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The Liberal Party was one of the two major political celebrations in the UK with the opposing Conservative Party in the 19th and early 20th centuries. The party occurred from an alliance of Whigs and complimentary trade- supporting Peelites and the reformist Radicals in the 1850s. By the end of the 19th century, it had actually formed four federal governments under William Gladstone.
Under prime ministers Henry Campbell-Bannerman (19051908) and H. H. Asquith (19081916), the Liberal Party passed the welfare reforms that created a basic British welfare state. Although Asquith was the party’s leader, its dominant figure was David Lloyd George. Asquith was overwhelmed by the wartime function of coalition prime minister and Lloyd George changed him as prime minister in late 1916, however Asquith remained as Liberal Party leader.
In The Oxford Buddy to British History, historian Martin Pugh argues: Lloyd George made a higher effect on British public life than any other 20th-century leader, thanks to his pre-war introduction of Britain’s social welfare system (specifically medical insurance, unemployment insurance, and old-age pensions, largely spent for by taxes on high earnings and on the land).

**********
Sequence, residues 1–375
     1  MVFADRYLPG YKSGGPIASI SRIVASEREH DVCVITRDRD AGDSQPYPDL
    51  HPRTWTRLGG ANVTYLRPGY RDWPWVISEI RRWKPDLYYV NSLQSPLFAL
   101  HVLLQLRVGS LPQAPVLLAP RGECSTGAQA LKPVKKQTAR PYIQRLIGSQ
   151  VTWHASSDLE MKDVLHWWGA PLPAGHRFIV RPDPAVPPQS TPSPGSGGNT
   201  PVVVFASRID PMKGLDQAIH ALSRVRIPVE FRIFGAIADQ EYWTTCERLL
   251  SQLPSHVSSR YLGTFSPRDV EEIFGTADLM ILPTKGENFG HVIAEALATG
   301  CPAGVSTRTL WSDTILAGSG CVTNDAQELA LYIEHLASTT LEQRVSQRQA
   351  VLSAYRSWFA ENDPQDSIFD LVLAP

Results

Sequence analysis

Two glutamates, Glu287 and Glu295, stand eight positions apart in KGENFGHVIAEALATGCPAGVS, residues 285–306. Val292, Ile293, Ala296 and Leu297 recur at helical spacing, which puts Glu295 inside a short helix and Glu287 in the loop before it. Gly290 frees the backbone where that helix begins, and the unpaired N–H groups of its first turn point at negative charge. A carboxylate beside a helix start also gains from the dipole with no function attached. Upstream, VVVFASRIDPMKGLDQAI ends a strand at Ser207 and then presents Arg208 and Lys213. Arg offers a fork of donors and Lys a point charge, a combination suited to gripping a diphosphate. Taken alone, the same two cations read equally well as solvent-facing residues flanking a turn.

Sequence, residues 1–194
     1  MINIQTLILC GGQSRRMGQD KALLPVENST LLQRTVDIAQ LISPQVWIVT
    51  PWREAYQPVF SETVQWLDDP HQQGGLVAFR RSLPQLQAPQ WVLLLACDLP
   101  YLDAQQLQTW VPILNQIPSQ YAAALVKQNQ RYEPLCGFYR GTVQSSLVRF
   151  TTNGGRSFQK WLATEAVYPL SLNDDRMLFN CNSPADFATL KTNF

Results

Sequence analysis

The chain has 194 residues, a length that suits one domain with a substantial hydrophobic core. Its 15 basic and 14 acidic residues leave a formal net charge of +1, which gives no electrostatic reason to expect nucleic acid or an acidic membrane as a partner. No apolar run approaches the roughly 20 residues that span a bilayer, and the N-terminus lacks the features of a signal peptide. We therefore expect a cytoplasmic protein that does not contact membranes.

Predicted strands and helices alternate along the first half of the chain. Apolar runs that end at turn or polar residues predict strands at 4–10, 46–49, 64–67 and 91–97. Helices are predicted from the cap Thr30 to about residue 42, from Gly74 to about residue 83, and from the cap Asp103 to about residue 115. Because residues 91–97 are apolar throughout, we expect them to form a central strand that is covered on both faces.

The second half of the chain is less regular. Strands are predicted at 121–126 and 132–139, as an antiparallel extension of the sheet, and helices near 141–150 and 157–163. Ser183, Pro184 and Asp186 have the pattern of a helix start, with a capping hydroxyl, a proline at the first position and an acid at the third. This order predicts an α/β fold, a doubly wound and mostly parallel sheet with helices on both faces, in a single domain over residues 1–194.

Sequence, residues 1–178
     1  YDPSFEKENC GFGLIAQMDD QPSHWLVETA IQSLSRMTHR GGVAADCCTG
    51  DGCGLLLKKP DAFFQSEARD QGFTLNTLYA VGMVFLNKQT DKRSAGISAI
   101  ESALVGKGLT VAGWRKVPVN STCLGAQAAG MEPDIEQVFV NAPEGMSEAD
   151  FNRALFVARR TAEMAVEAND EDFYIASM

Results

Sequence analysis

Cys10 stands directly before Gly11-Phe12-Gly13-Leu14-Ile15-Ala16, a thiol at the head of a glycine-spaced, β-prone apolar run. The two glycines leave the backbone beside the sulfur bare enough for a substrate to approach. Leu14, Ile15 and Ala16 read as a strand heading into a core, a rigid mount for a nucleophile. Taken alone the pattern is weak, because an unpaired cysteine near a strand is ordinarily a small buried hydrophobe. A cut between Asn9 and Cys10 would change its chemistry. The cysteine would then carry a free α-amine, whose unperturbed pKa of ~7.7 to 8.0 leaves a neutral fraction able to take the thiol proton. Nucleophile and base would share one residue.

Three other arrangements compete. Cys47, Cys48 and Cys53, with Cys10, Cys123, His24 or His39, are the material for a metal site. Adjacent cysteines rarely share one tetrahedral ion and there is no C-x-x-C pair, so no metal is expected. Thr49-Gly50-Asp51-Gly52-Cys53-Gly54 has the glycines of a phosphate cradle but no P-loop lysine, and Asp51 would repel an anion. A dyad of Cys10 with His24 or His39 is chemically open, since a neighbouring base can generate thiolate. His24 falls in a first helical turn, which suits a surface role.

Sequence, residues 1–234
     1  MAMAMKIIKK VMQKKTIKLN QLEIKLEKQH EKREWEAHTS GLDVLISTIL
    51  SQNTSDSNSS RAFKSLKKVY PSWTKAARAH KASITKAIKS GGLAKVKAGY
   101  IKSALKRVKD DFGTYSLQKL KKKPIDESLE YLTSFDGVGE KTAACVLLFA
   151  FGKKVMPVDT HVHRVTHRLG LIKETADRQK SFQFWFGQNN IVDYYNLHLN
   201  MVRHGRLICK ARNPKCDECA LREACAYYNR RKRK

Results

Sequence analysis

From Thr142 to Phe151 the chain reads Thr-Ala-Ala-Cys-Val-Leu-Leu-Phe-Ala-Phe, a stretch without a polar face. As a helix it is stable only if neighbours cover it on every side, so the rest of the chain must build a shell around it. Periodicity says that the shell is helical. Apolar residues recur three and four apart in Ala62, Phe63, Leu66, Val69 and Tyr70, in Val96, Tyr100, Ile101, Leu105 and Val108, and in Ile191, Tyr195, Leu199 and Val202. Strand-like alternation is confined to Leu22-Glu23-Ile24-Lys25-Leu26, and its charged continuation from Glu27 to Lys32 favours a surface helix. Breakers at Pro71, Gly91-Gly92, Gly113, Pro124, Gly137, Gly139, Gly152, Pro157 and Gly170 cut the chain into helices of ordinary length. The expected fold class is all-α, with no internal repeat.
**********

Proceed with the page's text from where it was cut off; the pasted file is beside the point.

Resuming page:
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The government of Lloyd George was dominated by the Conservative Party, which finally deposed him in 1922. By the end of the 1920s, the Labour Party had actually changed the Liberals as the Conservatives’ main rival. The Liberal Party went into decrease after 1918 and by the 1950s won no more than six seats at general elections.
At the 1983 general election, the Alliance won over a quarter of the vote, however just 23 of the 650 seats it objected to. At the 1987 general election, its share of the vote fell below 23% and the Liberals and Social Democratic Party combined in 1988 to form the Liberal Democrats.